The reporter was eating this up - something new and exciting! He wrote a quick paragraph for his publication before Jerry broke out laughing.  Luckily, their relationship was a good one and both had a great laugh about it. The round memory chip never made it to the world media.

Today I read an article in the London Business Weekly, reporting that Autonomy now has "world’s largest private cloud", more than "50 petabytes of data including web content, video, email and multimedia data". Granted Autonomy has a great service business in hosting and search-enabling all sorts of multimedia content. But ... I wonder if the reporter ever wondered out loud about some other rather large 'private clouds' - perhaps Google? Or Microsoft? Amazon? 

Maybe none of these robust competitors are as big as Autonomy; maybe HP really became the cloud giant by acquiring Autonomy last year. Or maybe a round memory chip made it past a reporter today. What do you think?



February 21, 2012

10 changes Wikipedia needs to become more Human and Search Engine Friendly

There's a really nice set of examples comparing JSON to other similar formats like YAML, Python, PHP, PLists, etc.  It was in a Wikipedia article, but you won't see it now unless you know to go looking through the version history (link in previous sentence).

Contents-deletedThis the content had existed for quite a while in that article, and had been contributed to by many people.  One day in March 2011 one editor decided it was irrelevant and gutted that entire section.  The information was useful, I was actually looking for it today!  I happened to think of reviewing the version history since I was almost sure that's where it had been.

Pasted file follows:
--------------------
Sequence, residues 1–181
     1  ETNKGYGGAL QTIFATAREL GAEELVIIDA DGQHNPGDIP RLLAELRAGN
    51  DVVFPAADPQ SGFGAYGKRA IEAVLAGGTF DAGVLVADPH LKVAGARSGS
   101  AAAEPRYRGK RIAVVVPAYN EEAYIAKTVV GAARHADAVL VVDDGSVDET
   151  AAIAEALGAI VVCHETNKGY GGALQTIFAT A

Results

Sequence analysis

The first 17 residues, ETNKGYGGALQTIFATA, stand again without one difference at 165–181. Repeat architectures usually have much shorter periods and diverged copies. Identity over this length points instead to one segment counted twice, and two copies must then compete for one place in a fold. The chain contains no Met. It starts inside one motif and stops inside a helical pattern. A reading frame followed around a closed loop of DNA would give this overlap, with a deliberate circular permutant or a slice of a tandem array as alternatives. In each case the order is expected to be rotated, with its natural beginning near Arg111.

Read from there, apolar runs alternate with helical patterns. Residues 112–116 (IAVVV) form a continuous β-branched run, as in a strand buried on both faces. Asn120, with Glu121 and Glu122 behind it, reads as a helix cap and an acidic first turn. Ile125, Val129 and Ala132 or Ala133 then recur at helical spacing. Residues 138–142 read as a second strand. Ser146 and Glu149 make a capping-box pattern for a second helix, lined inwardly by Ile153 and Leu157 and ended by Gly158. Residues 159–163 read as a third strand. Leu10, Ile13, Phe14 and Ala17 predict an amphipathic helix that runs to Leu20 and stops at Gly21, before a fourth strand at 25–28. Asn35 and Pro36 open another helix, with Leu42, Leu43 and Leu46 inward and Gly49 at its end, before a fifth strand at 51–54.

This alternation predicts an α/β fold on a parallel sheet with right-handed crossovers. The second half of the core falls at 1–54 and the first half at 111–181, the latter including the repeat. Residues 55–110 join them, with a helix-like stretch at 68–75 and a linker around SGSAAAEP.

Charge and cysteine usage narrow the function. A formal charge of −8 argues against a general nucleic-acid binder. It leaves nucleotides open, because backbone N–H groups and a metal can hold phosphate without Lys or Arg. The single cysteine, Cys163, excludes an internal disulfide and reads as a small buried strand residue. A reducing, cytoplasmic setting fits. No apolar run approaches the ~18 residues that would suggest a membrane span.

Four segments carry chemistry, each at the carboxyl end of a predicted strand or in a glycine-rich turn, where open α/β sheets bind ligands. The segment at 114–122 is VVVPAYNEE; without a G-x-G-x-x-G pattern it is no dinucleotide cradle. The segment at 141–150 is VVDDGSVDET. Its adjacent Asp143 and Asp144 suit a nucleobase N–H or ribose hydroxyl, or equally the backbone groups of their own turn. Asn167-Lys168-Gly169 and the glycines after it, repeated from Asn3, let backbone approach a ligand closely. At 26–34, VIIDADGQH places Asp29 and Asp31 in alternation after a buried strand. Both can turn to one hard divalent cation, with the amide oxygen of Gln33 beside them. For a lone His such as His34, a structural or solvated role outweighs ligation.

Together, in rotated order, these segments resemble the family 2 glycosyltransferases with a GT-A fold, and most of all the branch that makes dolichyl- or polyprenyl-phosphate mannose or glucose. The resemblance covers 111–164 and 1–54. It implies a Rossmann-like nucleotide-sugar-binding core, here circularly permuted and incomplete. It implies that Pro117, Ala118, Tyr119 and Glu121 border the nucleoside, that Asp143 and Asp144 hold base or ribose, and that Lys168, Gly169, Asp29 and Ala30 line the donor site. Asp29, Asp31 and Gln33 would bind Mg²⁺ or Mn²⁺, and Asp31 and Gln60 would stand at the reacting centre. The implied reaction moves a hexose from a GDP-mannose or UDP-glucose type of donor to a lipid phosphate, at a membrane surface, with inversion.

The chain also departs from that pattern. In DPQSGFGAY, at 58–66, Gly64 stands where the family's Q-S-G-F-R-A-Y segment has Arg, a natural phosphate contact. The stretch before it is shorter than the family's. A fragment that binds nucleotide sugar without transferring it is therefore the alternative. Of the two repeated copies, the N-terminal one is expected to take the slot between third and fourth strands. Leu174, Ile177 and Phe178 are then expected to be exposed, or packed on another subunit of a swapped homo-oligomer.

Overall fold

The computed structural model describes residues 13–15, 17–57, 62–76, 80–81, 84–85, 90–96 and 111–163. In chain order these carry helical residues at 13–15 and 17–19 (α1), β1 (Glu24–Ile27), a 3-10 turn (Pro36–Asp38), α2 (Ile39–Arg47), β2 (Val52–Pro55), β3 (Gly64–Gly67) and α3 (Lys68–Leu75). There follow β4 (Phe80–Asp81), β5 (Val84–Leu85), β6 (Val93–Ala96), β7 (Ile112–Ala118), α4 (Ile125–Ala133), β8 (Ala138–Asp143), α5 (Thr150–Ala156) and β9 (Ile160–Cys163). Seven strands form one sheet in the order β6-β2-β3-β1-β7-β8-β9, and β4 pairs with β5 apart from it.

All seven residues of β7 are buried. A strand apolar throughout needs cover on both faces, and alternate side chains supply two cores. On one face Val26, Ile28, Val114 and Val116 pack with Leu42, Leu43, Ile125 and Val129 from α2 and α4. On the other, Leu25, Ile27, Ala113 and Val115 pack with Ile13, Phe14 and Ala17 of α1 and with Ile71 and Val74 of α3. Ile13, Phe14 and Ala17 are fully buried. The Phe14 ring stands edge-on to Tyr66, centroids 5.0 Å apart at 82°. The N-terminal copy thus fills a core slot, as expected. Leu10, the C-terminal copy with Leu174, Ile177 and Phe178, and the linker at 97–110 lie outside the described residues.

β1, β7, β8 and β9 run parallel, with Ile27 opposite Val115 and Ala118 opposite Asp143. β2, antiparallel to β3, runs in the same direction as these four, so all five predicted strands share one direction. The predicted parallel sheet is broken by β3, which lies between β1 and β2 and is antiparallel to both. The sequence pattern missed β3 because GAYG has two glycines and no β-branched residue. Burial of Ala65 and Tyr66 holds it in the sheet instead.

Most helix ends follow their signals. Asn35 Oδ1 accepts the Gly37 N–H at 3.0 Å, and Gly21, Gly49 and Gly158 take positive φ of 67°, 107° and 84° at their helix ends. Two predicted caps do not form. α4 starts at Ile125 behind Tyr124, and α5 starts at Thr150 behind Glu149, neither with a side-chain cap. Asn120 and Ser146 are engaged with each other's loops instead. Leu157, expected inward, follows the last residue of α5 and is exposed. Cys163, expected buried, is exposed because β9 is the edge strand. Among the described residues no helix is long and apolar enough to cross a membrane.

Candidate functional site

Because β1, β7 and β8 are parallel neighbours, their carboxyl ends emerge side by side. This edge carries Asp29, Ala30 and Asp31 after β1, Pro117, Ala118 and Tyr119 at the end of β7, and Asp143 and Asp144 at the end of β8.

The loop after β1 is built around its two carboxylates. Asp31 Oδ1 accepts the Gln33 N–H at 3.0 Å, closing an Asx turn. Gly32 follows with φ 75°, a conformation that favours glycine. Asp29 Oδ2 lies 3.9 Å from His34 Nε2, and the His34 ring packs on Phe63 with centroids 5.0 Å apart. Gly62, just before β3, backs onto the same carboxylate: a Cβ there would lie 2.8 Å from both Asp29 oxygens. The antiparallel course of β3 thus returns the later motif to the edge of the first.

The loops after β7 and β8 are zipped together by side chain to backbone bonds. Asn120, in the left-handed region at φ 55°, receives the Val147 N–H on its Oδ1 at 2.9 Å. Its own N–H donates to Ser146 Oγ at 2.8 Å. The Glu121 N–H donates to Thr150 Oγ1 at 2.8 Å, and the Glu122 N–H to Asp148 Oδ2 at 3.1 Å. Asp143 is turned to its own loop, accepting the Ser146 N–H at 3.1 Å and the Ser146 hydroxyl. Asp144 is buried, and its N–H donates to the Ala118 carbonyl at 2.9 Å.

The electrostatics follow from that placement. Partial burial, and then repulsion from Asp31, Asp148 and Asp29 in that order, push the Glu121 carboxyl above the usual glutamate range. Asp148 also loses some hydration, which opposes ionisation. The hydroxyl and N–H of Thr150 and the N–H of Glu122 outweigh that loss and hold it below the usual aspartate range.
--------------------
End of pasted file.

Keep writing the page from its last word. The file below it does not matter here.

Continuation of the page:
The editors at Wikipedia need to be able to delete content, for any number of reasons, and I'm sure it's a thankless job.  And there are procedures for handling disputed edits - I've pinged that editor who deleted it about maybe finding a new home for the content.  Also, ironically, I found an out of date copy of the page here that still has it.

I'm not in favor of a ton of rules, but I beleive wholesale deletes of long-existing and thriving content should get some special attention.  To be clear, I'm not talking about content that's clearly wrong or profane or whatever, or gibberish that was just added.  How about as a first pass "a paragraph or more that has existed for more than 6 months (long-lived) and has been contibuted to (not just corrected) byt at least 3 people (thriving".

Human-Centric Policy & Tech Changes:

  • If the content's only "crime" is that it's somewhat off-topic then the person doing the deleting ought to find another home for it.  The editor could either move it to another page, or possibly even split up the current page; maybe they could "fork" the page into 2 pages, then cross link them, and then remove duplicate content, so then page 1 retains the original article and links to page 2, and then page 2 has the possibly-off-topic content. Yes, this would take more effort for the "deleteing" editor, BUT what about the large amount of effort the mutliple contributors put into it, and going the extra step to try and conform to Wikipedia's policies so that it would NOT get deleted.  I also suspect that senior editors, those more likely to consider wholesale deletes, are probably much more efficient as splitting up a page or moving content somwhere else - novice contributors might be unaware, or only vaguely aware, that such thigns are even possible.